Schoolchildren take first steps to transform Bluff Hill
Pupils at St Theresa's School in Bluff decided to improve the "ugly" hill, when asked what issue they wanted to tackle in the town.
Teacher Rosi Coyle said pupils thought the hill had looked ugly since trees had been felled there, and they wanted to do something about.
The children researched what birds they wanted to attract and what native trees would be best to achieve that, she said.
They also wanted to help get rid of possums on the hill.
After getting support from the World Wildlife Fund and Kids Restore New Zealand – an Air New Zealand Environment Trust initiative – the school raised $5500 for the project. Of this, $3000 went toward native plants, and the rest was spent on possum and rat traps, monitoring stations and tracking tunnels.
The pupils would collect seeds from plants growing on the hill and grow them at school for planting next year, she said.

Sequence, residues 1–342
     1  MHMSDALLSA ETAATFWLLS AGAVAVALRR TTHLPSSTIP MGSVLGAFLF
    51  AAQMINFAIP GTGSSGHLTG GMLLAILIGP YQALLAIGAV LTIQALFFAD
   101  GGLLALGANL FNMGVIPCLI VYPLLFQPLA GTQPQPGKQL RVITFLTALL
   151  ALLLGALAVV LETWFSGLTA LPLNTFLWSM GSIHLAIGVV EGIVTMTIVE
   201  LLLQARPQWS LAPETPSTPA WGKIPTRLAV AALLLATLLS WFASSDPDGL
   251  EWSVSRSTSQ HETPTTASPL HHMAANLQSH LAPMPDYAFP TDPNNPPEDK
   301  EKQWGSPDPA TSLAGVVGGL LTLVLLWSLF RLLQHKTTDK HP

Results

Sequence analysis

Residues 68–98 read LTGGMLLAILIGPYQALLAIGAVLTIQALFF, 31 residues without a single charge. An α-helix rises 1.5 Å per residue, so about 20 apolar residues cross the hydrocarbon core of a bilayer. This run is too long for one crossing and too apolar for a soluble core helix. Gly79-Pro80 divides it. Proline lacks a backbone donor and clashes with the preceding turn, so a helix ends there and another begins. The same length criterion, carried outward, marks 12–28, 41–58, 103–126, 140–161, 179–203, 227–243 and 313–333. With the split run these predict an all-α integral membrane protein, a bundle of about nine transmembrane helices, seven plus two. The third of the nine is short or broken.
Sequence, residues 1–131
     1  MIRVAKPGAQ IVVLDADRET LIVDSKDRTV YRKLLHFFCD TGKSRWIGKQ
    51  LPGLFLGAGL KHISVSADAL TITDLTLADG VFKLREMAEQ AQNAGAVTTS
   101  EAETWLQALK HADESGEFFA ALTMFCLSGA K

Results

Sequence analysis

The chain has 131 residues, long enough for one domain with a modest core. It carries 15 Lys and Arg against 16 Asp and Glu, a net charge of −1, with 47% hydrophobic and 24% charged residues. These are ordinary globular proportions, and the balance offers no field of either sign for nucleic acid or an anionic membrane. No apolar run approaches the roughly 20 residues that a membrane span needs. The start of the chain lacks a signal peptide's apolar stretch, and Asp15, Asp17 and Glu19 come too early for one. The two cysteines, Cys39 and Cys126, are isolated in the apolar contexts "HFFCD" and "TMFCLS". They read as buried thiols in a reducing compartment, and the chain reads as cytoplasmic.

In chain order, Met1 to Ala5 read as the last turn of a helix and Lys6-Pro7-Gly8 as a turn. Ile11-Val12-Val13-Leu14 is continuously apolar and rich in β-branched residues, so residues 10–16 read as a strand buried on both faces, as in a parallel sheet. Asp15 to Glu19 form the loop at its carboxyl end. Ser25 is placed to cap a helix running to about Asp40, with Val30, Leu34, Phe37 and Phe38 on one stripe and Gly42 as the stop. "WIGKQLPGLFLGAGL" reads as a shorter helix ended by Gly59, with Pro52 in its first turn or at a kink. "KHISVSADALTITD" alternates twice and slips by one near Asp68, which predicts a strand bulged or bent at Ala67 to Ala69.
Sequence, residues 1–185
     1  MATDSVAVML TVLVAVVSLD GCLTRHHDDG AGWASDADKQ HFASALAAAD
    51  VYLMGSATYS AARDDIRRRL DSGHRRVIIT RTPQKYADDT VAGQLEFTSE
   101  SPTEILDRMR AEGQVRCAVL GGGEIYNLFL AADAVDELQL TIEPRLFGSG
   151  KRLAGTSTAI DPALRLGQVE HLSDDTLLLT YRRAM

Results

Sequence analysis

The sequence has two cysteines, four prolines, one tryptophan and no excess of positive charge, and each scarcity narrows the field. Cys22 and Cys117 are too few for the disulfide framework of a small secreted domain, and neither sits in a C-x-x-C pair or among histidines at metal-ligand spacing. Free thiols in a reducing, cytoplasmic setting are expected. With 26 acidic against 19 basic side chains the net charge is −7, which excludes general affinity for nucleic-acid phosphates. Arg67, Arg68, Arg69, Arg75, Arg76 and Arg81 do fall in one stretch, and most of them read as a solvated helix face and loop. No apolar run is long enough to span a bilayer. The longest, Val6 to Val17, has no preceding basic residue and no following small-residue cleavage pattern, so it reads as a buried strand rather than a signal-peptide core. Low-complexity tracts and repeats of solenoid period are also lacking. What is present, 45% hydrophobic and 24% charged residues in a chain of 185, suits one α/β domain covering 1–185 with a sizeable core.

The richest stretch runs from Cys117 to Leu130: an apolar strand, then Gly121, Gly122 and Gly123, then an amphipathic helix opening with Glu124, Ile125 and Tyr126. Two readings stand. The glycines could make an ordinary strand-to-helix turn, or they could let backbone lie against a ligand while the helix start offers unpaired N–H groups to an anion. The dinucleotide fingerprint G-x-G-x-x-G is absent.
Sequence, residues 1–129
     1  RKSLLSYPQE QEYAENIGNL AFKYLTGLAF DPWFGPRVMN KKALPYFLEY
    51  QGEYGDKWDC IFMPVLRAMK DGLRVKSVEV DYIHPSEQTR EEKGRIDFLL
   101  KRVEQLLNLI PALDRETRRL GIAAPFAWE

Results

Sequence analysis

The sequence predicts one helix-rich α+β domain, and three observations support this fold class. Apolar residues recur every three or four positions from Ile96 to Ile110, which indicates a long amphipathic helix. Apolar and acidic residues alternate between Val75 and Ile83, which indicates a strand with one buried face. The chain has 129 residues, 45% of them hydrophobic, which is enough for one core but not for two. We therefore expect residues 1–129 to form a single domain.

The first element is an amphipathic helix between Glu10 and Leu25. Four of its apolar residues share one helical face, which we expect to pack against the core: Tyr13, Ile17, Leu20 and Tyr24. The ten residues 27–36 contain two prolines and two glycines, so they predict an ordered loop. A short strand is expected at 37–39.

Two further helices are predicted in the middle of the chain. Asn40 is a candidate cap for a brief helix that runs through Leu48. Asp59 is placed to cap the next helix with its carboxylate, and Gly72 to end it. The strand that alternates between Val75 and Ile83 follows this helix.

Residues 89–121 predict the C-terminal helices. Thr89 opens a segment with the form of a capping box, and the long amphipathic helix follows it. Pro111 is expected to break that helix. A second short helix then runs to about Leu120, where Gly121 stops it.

"It's ongoing and sustainable."
The pupils were also making a short film on the project.
Yesterday, the school's 32 pupils, as well as Invercargill City Council parks staff, got involved in the planting.
Council parks landscape planner Sheryll Ashton said staff would also be planting 2500 plants grown by the council nursery during the day. About 3000 plants were planted yesterday, including toi toi, flax, wineberry, hebe, pittosporum and rata.
Ms Ashton said there was still a lot of work to be done developing a strategy for long-term use of the land on Bluff Hill, but people did not want forestry over the whole area again, she said.
She was impressed at the "amazing" rate of natural revegetation on the hill.
Bluff School also had its own nursery and planted around the Returned and Services Association area, she said.
Environment Southland staff, the Enviroschools co-ordinator, city council parks staff, Southland Girls' High School students, and Bluff community members also took part in the planting.
The Southland Times